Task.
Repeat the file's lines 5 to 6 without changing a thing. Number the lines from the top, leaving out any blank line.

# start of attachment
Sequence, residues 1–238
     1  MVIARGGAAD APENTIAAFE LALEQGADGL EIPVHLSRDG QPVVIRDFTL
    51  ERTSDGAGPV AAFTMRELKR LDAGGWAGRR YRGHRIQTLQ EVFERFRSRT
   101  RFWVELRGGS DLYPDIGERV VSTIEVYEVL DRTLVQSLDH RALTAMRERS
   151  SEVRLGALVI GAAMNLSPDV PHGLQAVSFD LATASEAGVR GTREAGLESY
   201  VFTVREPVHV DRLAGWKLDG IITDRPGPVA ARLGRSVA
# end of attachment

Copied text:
   151  SEVRLGALVI GAAMNLSPDV PHGLQAVSFD LATASEAGVR GTREAGLESY
   201  VFTVREPVHV DRLAGWKLDG IITDRPGPVA ARLGRSVA